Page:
"I just don't know what I'm supposed to be, you know? I'm stuck. Does it get easier?" This ambivalent snatch of dialogue in "What's A Girl To Do" (sourced from Sofia Coppola's Lost In Translation) doesn't exactly suggest dance floor dynamite. Yet the 2004 track is Bas Bron's biggest hit as Fatima Yamaha, having received a high-profile reissue on Dekmantel this summer. Perhaps its very innocuousness is the secret to its success. It's sweet and melancholy but doesn't overstate its case.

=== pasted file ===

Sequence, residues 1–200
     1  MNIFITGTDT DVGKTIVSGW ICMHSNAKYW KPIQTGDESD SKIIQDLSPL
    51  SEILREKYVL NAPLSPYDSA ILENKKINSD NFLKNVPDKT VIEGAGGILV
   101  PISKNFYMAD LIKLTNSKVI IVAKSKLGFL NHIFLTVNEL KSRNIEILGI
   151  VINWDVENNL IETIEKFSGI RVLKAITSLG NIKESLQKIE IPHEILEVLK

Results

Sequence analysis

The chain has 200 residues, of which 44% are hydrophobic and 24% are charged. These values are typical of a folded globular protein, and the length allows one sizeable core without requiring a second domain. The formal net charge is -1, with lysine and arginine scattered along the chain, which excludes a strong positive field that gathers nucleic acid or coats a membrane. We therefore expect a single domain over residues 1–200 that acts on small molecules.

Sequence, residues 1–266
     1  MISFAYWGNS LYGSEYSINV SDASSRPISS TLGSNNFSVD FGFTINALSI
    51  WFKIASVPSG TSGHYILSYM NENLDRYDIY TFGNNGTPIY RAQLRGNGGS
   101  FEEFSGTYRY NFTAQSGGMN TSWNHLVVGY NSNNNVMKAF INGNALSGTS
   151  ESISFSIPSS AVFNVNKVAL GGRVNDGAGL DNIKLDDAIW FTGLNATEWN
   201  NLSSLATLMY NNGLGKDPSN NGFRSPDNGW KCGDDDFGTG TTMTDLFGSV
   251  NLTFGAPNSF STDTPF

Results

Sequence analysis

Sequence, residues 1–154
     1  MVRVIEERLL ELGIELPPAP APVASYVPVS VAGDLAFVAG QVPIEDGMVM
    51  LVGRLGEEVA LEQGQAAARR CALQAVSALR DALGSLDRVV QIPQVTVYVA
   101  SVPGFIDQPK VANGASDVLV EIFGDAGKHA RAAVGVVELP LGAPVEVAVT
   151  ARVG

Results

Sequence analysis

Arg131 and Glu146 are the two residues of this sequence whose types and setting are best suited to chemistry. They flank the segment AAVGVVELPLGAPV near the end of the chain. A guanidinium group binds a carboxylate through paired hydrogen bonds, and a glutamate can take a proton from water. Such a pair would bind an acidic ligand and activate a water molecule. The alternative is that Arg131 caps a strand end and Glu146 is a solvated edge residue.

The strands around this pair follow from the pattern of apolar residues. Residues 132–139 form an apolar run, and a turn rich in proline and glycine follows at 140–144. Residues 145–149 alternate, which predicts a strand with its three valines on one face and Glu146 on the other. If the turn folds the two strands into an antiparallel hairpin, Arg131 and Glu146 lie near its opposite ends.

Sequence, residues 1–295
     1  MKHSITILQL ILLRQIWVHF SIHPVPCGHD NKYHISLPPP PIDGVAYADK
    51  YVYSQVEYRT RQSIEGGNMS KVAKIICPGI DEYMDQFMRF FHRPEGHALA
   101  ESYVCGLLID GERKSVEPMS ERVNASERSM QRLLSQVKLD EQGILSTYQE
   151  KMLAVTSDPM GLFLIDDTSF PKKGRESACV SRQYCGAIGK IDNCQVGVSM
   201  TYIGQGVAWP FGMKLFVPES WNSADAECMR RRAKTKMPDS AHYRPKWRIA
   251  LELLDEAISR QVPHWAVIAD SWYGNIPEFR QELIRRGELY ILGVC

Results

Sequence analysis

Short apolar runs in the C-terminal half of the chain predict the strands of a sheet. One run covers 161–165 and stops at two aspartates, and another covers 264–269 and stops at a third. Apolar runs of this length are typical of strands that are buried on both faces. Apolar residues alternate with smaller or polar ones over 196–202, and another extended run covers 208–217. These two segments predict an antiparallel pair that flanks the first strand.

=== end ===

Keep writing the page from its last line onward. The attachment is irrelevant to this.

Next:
Bron's latest album, the first new Yamaha material since the reissue, is just as unimposing. So much so that I'd listened to it half a dozen times before I noticed its political message. There's the album title, of course, plus loaded track titles like "Borderless II," "Shuppatsu" ("departure" in Japanese) and "Night Crossing." The news in 2015 has been dominated by the worst global refugee crisis since World War II, and Imaginary Lines seems to be Bron's own humble commentary on the situation.